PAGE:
Today, I found another example of a common mistake, a unit with global constants.

I guess most of you know this situation. There is a value that is used several times in a unit and you declare a constant for it. After a few minutes you recognize that you need the constant in another unit. Since it is difficult to decide to which unit the constant belong you simply create a constant unit for it.

With the growth of you project the number of constants in your constant unit increases. After a few weeks the unit contains hundreds of constants. In the current project I mentioned above there are about 600 constants in one unit.

As you can imagine there are some problems according to this unit:

  1. The constants belong to completely different subjects.
  2. It is difficult to decide if all constants are still in use (The compiler or tools like a Pascal Analyzer can help you).
  3. If you need a constant it is not easy to find it.
  4. With point 3 it is possible that you redeclare a constant.
  5. If you need in a new project only one single constant you have to add all the other constants to the project.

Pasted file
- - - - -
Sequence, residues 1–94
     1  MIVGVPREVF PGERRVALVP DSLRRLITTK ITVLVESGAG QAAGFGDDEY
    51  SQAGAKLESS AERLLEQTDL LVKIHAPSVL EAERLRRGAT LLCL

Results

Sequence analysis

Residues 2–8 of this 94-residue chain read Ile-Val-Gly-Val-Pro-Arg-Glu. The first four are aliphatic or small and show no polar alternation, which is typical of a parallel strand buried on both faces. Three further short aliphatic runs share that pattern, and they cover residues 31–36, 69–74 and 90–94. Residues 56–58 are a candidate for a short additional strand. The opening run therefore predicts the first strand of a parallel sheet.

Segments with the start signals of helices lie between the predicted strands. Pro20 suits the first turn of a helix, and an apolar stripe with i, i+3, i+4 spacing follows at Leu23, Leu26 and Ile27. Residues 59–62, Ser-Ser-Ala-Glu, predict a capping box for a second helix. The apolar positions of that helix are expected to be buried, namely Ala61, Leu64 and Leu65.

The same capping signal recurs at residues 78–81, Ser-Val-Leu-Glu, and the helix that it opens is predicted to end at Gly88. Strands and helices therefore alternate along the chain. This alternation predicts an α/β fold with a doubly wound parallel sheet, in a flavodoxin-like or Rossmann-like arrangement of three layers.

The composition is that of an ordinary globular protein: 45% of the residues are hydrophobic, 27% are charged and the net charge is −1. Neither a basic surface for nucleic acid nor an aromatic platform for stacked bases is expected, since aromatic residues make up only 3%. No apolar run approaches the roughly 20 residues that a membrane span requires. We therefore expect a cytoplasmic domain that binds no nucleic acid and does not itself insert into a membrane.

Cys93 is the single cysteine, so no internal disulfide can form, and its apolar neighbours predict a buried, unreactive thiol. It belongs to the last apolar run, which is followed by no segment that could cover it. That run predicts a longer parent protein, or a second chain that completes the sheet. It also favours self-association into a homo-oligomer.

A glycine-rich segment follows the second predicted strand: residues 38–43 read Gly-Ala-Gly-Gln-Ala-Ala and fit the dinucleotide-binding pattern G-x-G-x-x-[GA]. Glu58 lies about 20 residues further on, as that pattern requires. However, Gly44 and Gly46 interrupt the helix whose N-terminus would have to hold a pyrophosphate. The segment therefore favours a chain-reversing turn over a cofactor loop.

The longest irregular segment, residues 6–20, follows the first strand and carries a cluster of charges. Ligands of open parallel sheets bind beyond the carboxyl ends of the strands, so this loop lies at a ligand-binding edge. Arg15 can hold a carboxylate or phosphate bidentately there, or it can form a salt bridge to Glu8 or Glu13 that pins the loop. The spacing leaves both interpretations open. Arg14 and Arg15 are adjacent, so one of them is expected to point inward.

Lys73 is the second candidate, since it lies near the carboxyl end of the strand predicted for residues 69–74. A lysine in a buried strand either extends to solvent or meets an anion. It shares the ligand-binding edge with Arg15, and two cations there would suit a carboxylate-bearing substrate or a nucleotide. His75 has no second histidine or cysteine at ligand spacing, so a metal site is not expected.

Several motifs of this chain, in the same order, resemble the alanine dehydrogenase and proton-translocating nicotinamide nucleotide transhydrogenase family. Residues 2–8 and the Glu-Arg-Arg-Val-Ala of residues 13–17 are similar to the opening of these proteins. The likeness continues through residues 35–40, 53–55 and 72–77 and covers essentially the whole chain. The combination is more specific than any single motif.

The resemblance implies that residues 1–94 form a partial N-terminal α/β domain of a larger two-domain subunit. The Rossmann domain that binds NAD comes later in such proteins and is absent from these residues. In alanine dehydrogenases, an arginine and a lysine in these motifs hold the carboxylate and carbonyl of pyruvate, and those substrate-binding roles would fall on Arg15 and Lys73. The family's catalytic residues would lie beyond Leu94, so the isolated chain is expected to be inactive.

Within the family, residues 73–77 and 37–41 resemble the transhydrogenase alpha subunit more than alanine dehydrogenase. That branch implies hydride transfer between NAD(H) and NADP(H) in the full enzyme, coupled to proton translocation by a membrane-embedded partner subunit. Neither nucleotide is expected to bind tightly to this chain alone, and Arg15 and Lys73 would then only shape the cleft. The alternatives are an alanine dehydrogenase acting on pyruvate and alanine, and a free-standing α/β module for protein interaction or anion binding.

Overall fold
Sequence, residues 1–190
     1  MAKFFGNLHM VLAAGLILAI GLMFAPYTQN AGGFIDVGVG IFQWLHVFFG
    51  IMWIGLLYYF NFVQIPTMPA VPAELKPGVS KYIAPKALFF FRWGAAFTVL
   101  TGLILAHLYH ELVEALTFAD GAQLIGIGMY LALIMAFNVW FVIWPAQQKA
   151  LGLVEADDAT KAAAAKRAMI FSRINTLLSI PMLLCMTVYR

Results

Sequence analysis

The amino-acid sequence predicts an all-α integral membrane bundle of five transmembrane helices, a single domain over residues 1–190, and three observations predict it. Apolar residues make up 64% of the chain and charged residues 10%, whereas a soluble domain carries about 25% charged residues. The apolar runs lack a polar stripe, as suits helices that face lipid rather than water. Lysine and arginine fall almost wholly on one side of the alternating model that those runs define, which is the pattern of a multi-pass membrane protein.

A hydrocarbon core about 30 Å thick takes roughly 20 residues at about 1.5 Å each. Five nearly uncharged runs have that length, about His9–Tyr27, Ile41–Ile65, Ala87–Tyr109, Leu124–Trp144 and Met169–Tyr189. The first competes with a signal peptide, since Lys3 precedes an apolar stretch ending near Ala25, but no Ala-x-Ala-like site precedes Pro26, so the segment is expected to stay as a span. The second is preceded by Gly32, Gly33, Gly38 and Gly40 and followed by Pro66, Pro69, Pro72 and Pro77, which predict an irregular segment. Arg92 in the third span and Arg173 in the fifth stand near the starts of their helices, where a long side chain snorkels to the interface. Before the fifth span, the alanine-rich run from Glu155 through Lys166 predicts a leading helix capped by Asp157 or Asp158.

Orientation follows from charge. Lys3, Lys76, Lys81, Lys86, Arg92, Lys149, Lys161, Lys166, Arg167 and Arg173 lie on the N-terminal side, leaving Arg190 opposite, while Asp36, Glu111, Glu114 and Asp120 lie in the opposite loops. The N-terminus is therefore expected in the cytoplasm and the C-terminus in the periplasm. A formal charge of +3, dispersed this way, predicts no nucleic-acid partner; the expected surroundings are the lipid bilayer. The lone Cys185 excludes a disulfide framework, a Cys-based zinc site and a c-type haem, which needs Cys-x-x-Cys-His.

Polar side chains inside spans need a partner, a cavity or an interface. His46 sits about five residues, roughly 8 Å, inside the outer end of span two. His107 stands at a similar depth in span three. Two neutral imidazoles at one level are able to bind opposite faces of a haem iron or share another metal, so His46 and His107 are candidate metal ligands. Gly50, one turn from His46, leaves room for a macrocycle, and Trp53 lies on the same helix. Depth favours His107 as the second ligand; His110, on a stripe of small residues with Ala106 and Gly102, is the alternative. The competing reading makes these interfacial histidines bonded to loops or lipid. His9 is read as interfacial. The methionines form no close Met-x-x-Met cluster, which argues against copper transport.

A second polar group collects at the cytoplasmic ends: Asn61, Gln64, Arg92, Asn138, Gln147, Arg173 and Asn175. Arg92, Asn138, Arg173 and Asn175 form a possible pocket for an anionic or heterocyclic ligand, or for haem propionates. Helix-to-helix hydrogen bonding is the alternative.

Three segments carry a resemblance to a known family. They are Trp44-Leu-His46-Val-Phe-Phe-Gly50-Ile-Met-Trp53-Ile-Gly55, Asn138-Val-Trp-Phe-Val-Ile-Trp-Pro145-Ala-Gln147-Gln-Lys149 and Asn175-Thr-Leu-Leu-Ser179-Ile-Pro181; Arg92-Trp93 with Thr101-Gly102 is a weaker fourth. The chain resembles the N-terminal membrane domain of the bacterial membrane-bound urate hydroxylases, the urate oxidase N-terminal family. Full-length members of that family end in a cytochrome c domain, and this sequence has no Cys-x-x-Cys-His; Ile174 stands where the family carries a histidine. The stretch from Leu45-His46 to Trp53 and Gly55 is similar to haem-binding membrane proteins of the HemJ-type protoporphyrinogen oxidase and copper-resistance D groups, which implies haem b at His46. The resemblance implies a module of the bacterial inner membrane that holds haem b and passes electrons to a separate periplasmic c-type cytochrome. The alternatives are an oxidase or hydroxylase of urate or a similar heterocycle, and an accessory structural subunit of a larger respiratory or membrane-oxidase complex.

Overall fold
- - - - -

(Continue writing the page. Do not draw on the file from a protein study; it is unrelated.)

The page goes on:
In order to avoid the problems from the beginning there are some small rules:

  1. Declare a constant in the unit where you need it.
  2. If possible declare the constant as a class constant.
  3. The visibility of a class constant should be as private as possible.
  4. If you share constants between units define constant units for each subject.
  5. Don’t mix constants in a constant unit that belong to different subjects.

Just to show the difference between normal constants and class constants, please look at these examples.

First you can define normal constants:

Or you can also use class or record constants:

The class constants allow you to play with the visibility, they are more object-oriented and they can be used like namespaces for constants. Therefore they are longer to type in your code. In the Delphi source code normal constants are used, In my code I’m using more and more class constants.

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